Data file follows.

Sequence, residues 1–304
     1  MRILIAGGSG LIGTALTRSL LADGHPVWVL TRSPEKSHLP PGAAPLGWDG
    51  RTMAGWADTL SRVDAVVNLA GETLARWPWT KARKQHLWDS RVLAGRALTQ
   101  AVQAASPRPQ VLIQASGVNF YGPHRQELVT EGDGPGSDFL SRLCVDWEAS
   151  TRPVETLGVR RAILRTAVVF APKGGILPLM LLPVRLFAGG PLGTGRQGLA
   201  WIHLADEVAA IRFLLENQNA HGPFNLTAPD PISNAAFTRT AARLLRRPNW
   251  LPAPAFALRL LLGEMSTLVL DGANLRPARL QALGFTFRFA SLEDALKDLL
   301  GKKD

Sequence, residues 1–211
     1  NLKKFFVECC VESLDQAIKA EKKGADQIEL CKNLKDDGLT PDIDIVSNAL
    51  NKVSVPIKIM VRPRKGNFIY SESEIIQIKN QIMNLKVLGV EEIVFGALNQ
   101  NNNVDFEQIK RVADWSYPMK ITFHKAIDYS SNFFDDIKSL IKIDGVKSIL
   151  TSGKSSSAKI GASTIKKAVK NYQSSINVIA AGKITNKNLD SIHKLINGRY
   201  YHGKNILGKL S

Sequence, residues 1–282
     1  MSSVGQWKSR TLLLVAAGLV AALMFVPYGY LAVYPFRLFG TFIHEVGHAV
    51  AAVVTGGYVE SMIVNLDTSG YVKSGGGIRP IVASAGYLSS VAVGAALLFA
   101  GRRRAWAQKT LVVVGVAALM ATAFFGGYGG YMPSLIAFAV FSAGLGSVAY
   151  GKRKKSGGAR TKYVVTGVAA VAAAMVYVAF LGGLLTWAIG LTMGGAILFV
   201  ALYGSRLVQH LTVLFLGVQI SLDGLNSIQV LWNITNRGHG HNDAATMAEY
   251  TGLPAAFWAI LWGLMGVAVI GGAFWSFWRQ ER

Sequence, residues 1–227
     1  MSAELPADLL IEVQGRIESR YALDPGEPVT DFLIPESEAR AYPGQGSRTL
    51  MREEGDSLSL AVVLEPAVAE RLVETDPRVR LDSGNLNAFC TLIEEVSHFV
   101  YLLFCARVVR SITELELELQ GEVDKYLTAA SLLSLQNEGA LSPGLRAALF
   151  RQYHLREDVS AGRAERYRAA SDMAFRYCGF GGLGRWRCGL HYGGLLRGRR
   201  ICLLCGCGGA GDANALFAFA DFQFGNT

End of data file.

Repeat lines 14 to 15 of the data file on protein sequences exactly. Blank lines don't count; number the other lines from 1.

   201  YHGKNILGKL S

Sequence, residues 1–282